Ali Forger, a ninth grade student at Masuk High School, loves to read. Last year, as part of a school assignment for Language Arts, her teacher asked Ali what she could do to impact the community.
She decided to share her passion for the written word at her old school, Stepney Elementary. She called her project "Reading and Writing Rock," or "RAWR" for short.
The concept is simple.
"Get the kids to love reading, not just for the 20 minutes of homework, but just because they want to read," she said.
She started coming after school, every Friday, and brought some of her friends. Now, Ali's class project has grown into a bona fide townwide reading program.
This year, more than three dozen middle school and high school students in Monroe read to kids in all three elementary schools across town.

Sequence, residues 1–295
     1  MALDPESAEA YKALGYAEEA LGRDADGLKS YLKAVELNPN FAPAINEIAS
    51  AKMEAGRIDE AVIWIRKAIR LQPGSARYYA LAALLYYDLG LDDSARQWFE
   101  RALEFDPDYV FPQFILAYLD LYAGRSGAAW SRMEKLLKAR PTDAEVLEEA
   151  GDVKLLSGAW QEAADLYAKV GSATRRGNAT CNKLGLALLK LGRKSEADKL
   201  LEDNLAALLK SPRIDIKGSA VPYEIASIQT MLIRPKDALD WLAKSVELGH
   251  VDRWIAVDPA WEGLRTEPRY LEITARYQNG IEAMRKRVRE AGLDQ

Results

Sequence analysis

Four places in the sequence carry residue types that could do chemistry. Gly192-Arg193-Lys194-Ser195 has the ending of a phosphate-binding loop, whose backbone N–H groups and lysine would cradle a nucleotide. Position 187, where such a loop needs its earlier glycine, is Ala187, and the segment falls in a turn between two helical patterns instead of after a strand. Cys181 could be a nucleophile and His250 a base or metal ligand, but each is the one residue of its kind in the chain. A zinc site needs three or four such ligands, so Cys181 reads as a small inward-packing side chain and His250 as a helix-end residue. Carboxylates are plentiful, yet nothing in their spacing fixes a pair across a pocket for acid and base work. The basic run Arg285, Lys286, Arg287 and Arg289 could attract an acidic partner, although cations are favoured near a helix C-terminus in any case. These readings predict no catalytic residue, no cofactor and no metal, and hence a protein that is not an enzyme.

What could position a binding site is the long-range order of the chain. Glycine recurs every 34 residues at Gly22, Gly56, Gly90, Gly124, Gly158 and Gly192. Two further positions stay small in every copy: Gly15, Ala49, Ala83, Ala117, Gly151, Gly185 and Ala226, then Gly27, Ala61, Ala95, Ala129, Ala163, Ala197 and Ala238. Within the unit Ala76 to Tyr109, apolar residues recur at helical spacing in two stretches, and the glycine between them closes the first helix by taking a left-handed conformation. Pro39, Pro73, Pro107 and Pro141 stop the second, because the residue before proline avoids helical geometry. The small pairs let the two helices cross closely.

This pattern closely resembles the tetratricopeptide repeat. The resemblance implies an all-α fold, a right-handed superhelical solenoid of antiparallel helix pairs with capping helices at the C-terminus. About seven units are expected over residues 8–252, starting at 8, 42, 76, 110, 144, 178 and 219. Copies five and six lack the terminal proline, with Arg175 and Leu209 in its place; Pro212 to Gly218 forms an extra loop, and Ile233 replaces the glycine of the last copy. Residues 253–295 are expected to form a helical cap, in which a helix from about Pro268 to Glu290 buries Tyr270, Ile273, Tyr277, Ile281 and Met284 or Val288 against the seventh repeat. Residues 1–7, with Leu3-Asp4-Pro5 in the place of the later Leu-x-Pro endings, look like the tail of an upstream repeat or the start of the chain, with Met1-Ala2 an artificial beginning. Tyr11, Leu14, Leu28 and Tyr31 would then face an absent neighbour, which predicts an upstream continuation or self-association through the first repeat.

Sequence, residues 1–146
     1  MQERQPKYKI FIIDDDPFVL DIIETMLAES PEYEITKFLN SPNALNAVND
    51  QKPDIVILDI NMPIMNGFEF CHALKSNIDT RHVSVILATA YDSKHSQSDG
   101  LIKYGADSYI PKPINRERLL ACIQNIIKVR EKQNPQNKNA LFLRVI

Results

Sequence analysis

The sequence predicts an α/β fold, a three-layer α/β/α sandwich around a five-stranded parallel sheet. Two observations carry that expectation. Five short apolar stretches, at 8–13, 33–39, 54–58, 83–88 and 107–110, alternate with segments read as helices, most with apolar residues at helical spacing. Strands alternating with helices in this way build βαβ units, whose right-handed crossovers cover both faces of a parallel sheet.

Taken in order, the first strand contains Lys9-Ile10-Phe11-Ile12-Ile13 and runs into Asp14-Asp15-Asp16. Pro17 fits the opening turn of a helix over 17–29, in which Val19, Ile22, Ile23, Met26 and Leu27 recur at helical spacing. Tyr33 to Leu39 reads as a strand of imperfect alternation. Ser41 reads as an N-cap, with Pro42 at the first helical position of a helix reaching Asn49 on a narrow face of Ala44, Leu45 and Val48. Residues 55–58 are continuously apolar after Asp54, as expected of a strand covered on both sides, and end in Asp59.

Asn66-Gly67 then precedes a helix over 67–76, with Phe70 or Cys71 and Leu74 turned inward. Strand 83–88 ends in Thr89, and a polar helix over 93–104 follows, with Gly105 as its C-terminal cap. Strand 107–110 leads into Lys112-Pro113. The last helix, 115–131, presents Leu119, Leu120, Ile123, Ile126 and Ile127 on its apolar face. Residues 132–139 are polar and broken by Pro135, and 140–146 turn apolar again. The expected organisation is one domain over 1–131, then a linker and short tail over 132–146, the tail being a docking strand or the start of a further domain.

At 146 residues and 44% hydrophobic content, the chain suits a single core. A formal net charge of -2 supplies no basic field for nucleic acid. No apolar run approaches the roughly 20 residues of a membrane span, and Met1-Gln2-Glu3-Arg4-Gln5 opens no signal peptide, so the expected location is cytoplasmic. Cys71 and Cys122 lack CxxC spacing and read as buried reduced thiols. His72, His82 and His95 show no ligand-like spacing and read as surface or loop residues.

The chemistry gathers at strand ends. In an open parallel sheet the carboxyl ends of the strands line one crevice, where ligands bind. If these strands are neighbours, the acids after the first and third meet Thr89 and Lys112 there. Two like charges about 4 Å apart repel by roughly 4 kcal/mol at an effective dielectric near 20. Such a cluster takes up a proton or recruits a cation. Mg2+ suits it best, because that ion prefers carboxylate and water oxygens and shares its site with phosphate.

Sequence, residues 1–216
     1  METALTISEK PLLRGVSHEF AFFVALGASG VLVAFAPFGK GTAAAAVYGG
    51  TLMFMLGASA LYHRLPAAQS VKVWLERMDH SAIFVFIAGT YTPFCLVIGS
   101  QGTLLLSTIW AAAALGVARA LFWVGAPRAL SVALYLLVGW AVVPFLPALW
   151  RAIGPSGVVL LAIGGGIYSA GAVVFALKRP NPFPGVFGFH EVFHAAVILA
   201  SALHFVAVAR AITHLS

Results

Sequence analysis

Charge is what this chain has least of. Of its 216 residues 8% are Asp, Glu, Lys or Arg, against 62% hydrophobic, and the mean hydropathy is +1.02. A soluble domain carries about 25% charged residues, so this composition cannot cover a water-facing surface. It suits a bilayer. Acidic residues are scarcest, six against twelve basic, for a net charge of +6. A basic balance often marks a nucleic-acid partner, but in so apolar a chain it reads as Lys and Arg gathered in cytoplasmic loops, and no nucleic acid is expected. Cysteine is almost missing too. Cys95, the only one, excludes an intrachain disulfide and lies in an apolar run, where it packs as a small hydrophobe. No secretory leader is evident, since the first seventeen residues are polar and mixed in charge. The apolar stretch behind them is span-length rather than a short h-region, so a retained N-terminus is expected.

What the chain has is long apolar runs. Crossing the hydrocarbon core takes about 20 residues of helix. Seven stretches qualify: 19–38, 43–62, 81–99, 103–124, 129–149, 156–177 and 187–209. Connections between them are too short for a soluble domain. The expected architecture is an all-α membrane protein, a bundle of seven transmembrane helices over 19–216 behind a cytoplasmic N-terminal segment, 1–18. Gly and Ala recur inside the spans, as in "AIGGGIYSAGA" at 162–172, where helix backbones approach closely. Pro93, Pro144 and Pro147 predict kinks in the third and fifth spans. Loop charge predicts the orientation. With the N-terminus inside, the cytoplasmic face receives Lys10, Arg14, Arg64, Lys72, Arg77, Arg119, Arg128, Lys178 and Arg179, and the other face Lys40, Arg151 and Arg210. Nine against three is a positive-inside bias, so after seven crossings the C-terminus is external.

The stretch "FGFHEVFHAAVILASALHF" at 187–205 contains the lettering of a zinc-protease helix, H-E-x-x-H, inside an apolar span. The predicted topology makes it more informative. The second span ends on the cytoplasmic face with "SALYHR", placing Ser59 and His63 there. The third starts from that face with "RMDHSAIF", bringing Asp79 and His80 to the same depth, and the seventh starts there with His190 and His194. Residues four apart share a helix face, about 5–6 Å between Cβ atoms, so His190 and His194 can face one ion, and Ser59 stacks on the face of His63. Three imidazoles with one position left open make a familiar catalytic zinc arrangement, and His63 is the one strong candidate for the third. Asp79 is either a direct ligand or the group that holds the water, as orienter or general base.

Hannah Guber, a second-grade student at Stepney, said her favorite author is Roald Dahl and she loves the attention from the older students.
"Sometimes I get stuck ... and Ali helped me on my writing," Hannah said.
The mentoring benefits both groups, teacher Stephen Horvath said.
"There's a lot of kids at this age, first through fifth grade, who will sit with a seventh or eighth grader who aren't going to sit with a stuffy English teacher. And to get kids involved in reading as soon as possible is a huge achievement," Horvath said. "When you can explain something and find other people's difficulties, it makes you a stronger reader, and thinker as well."
In the fall, Ali wrote an essay about the program and entered The NBC Education Nation "Homeroom Reformers" contest. A panel of judges selected "RAWR" as Connecticut's top entry. She plans to use the $5,000 prize to buy books and writing materials to help expand the program.
What a great success for a student who just wanted to share her love of books.
"You get a lot of hugs. That's pretty exciting," Ali said.